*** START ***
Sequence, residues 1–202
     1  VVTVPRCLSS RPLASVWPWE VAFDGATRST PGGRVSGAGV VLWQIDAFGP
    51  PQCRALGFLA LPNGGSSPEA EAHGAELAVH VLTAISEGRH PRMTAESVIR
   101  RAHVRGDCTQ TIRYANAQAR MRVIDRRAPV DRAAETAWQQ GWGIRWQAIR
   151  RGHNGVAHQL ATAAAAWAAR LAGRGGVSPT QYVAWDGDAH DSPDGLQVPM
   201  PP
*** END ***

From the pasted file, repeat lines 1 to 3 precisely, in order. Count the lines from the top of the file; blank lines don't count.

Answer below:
Sequence, residues 1–202
     1  VVTVPRCLSS RPLASVWPWE VAFDGATRST PGGRVSGAGV VLWQIDAFGP
    51  PQCRALGFLA LPNGGSSPEA EAHGAELAVH VLTAISEGRH PRMTAESVIR